|Traded as||NYSE: AVP
S&P 500 Component
|Founder(s)||David H. McConnell|
|Headquarters||New York City, New York, U.S.|
|Key people||Andrea Jung
Sherilyn S. McCoy
|Revenue||US$ 10.717 billion (2012)|
|Operating income||US$ 314.8 million (2012)|
|Net income||US$ -42.5 million (2012)|
|Total assets||US$ 7.383 billion (2012)|
|Total equity||US$ 1.233 billion (2012)|
|Employees||39,100 (Dec 2012)|
Avon Products, Inc. known simply as Avon is an American international manufacturer and distributor of beauty, household, and personal care company that sells products through representatives in over 140 countries across the world. As of 2012[update], Avon had annual sales of $10.7 billion worldwide. It is the fifth-largest beauty company and second largest direct selling enterprise in the world, with 6.4 million representatives. Avon Products is a multi-level marketing company. Their "Ding Dong Avon Calling" advertising campaign, which ran from the mid-1950s to 1967, has been called "one of the most deeply ingrained brand identities of the past century". The company's CEO is Sherilyn S. McCoy, who was appointed to that position in April 2012. The former CEO, Andrea Jung, became the executive chairman of the board. Jung was the longest tenured female CEO among Fortune 500 companies.
David H. McConnell 
In 1886, David H. McConnell started the business in a small office at 126 Chambers Street, in lower New York City. In 1892, McConnell changed the company name when his business partner, who was living in California, suggested that he call the business the California Perfume Company, because of the great abundance of flowers in California.
In 1894, Alexander D. Henderson, Vice-President and Treasurer, joined the company and helped to shape its policies and assist in its growth. On June 16, 1909, McConnell and Henderson signed an agreement of Corporation for the California Perfume Company in the state of New Jersey. On January 28, 1916, the California Perfume Company was incorporated in the state of New York. McConnell, Henderson, and William Scheele were listed as company officials.
Early Avon trademark 
The California Perfume Company, Inc. of New York, NY filed their first trademark application for Avon on June 3, 1932 with the USPTO. Part of the description for goods and services provided to the USPTO included "perfumes, toilet waters, powder and rouge compacts, lipsticks," and other toiletry products. First use and commercial use for Avon by the California Perfume Company was on September 1, 1929. Registration was granted on August 30, 1932. The trademark is owned by Avon Products, Inc. of New York, NY. The status of the original stylized word mark for Avon is expired.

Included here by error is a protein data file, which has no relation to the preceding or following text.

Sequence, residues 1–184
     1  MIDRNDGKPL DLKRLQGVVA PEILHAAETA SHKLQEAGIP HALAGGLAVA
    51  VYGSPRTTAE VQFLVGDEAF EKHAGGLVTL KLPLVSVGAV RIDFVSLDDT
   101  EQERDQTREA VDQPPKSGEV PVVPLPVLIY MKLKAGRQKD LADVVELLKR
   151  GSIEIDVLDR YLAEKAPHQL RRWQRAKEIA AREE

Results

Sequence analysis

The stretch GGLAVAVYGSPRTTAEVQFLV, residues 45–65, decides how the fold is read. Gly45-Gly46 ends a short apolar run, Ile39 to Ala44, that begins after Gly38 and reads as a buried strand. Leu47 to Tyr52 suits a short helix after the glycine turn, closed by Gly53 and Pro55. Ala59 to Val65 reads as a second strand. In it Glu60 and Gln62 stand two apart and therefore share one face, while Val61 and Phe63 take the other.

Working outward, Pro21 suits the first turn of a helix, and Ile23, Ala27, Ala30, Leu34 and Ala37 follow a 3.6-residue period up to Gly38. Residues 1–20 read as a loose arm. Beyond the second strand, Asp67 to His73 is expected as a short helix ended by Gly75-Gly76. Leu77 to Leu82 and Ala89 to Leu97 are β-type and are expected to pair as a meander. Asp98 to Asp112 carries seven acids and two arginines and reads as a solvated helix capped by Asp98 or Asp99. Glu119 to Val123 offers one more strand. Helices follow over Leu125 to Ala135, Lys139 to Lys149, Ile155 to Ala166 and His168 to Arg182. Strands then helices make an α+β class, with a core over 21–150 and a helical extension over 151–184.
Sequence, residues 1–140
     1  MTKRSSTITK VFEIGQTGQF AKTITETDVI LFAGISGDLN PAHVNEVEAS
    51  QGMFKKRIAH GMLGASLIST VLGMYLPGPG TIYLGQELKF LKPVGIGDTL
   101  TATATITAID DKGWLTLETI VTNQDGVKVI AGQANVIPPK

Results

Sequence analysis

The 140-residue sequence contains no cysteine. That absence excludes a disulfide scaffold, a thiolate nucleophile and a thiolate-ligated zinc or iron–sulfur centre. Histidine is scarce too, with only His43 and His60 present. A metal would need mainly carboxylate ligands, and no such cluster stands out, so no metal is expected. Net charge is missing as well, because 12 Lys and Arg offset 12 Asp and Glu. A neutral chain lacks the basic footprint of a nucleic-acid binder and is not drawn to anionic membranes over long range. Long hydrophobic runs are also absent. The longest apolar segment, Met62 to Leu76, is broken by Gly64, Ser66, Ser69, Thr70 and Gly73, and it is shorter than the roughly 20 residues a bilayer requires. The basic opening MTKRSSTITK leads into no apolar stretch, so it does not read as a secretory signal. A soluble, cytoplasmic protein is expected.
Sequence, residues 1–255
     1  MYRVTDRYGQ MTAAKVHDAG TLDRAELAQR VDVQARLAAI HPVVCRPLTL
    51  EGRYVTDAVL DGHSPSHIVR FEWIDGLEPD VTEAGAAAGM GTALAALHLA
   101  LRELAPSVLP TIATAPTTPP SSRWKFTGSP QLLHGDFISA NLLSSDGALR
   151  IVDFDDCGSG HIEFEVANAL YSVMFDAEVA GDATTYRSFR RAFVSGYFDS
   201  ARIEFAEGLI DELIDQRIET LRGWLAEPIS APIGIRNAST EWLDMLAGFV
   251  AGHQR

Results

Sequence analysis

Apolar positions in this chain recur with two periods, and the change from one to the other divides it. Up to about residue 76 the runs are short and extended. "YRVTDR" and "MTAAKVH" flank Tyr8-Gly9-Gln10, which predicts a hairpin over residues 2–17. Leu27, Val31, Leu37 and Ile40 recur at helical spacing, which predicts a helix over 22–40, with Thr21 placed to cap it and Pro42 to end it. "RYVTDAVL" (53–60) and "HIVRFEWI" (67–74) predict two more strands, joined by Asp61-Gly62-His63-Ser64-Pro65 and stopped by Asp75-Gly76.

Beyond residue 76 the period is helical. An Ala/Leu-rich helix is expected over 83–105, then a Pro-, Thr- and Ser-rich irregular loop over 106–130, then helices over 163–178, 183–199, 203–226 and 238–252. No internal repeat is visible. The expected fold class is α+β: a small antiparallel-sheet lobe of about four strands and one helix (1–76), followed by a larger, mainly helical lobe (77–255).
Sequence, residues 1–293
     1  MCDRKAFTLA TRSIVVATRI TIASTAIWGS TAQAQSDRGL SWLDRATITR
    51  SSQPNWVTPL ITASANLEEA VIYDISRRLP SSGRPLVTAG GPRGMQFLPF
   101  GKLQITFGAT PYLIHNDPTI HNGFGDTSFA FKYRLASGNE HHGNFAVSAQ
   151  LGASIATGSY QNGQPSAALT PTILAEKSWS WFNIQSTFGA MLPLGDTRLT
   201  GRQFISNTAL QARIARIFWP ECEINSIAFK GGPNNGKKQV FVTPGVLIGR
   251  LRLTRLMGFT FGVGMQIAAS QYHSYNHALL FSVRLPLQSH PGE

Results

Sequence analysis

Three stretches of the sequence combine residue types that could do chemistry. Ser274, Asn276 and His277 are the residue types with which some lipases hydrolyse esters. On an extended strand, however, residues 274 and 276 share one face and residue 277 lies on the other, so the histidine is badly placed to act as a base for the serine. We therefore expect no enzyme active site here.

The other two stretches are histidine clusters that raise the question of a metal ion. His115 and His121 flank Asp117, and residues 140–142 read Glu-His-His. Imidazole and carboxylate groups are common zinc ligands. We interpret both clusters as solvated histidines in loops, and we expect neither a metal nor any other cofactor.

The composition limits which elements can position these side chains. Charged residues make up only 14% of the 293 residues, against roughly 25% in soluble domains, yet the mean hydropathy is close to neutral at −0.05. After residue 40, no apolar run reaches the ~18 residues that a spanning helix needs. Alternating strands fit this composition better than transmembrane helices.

Global expansion 
Avon sells products in over 140 countries. Brazil is the company's largest market, passing the United States in 2010. Avon entered the Chinese market in 1990, but legal changes in 1998 forced Avon to sell only through physical stores called Beauty Boutiques. The company received China's first license for direct selling in 2006.
Mergers and acquisitions 
Avon purchased Silpada, a direct seller of silver jewelry, in 2010 for $650 million. In May 2012, perfume company Coty offered $24.75 a share for Avon, which was nearly 20 percent above Avon’s stock price at the time. While Fox Business Network reported that Avon delayed the process and Coty withdrew its offer, earlier reports revealed that Avon actually rejected the bid, stating "At the time, the board concluded, and it still believes, that Coty's indication of interest is opportunistic and not in the best interest of Avon's shareholders."
Business model 
Avon uses both door-to-door sales people ("Avon ladies" primarily, and a growing number of men) and brochures to advertise its products. Avon training centers help women who want to become Avon representatives selling beauty products, jewelry, accessories and clothing. The Avon training centers can have a small retail section with skin care products, such as creams, serums, makeup, and washes. There are classroom areas where the representatives learn about the products and sales techniques. Each Avon representative is an independent sales representative running their own business. Some of the brands include Avon, Avon Naturals, Skin-So-Soft and Mark.
The corporate governance guidelines and code of business conduct and ethics are available on Avon's website.
Avon Foundation